We’ve launched a coaching program specifically tailored to Realtors that want to sell businesses, business owners and to anyone that wants to become a business broker.
If you’d like to learn more, email me at joe@WorldwideBusinessBlog.com
About two weeks later, once the dust had settled, I invited the real estate agent and her husband to join me and my bride for dinner.
We enjoyed a pleasant meal and, over dessert, I told the agent that the deal had closed a couple of weeks ago. A look of pleasant surprise spread across her face. She knew her client would be happy and was glad that we were able to help.
But at the same time I passed an envelop across the table to her. I said, “This is your referral fee.”
She opened the envelop and a look of shock came over her as she pulled out a five-figure check. She began to cry, saying she couldn’t possibly take this much money for simply making an introduction. I assured her she’d earned it.
She knew what to do when someone called her about selling a business.
Nice story, right? But there’s more.
But? But what?!?
But… she left nearly $100,000 on the table!
How? Because if SHE’D known how to value and sell businesses, she would have earned the entire commission, not just a referral fee. And the commission on the sale was over $100,000.
Let me put this in some perspective for a moment.
According to the NAR (National Association of Realtors), the average annual income for real estate agents ranges between $45,000 and $50,000. The referral fee on this deal was roughly 25% of that average annual income. If our agent was making the average agent’s income, she made a quarter of her year’s total income just by making that call to us.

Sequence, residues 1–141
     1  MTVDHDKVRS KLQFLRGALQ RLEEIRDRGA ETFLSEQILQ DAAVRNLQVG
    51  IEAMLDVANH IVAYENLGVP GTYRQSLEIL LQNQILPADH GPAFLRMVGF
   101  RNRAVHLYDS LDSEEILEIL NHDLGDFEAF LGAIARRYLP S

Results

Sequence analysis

But, if our real estate agent knew how to value and sell businesses and earned the full commission, she would have earned more than twice the average real estate agent’s annual income. On just this one deal – and while she continued selling houses.
The Bottom Line
Though this agent certainly did the right thing in referring her client to us – and received a handsome referral fee as a result – this true story illustrates how much money real estate agents are routinely leaving on the table – money that, if they only knew how to earn it, would put them in the top 1% of agents anywhere, in both good times and bad.
In short, it would supercharge their commission income.
There are millions of businesses coming to market over the next 10-15 years – the “Silver Tsunami” – and real estate agents are uniquely positioned to help the owners of every one of them. And the financial rewards of doing so can dwarf the average real estate agent’s annual commission income.
If you have any questions or comments on this topic – or any topic related to business – I’d like to hear from you. Put them in the comments box below. Start the conversation and I’ll get back to you with answers or my own comments. If I get enough on one topic, I’ll address them in a future post or podcast.
I’ll be back with you again next Monday. In the meantime, I hope you have a safe and profitable week.